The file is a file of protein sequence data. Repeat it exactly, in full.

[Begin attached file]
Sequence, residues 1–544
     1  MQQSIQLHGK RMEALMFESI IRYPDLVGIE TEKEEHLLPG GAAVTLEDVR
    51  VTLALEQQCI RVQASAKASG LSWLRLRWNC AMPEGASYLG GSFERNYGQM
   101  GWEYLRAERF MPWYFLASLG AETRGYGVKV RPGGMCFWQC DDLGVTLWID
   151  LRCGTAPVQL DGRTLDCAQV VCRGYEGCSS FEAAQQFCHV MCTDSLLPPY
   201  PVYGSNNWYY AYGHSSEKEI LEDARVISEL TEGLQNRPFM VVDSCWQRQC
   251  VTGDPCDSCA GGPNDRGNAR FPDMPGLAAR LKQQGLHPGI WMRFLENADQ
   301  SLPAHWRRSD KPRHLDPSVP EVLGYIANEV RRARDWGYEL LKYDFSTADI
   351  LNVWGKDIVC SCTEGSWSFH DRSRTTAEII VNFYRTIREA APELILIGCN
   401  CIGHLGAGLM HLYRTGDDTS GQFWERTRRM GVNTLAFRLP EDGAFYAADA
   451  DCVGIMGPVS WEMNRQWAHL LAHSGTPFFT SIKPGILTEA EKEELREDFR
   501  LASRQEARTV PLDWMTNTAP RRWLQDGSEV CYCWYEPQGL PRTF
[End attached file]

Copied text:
Sequence, residues 1–544
     1  MQQSIQLHGK RMEALMFESI IRYPDLVGIE TEKEEHLLPG GAAVTLEDVR
    51  VTLALEQQCI RVQASAKASG LSWLRLRWNC AMPEGASYLG GSFERNYGQM
   101  GWEYLRAERF MPWYFLASLG AETRGYGVKV RPGGMCFWQC DDLGVTLWID
   151  LRCGTAPVQL DGRTLDCAQV VCRGYEGCSS FEAAQQFCHV MCTDSLLPPY
   201  PVYGSNNWYY AYGHSSEKEI LEDARVISEL TEGLQNRPFM VVDSCWQRQC
   251  VTGDPCDSCA GGPNDRGNAR FPDMPGLAAR LKQQGLHPGI WMRFLENADQ
   301  SLPAHWRRSD KPRHLDPSVP EVLGYIANEV RRARDWGYEL LKYDFSTADI
   351  LNVWGKDIVC SCTEGSWSFH DRSRTTAEII VNFYRTIREA APELILIGCN
   401  CIGHLGAGLM HLYRTGDDTS GQFWERTRRM GVNTLAFRLP EDGAFYAADA
   451  DCVGIMGPVS WEMNRQWAHL LAHSGTPFFT SIKPGILTEA EKEELREDFR
   501  LASRQEARTV PLDWMTNTAP RRWLQDGSEV CYCWYEPQGL PRTF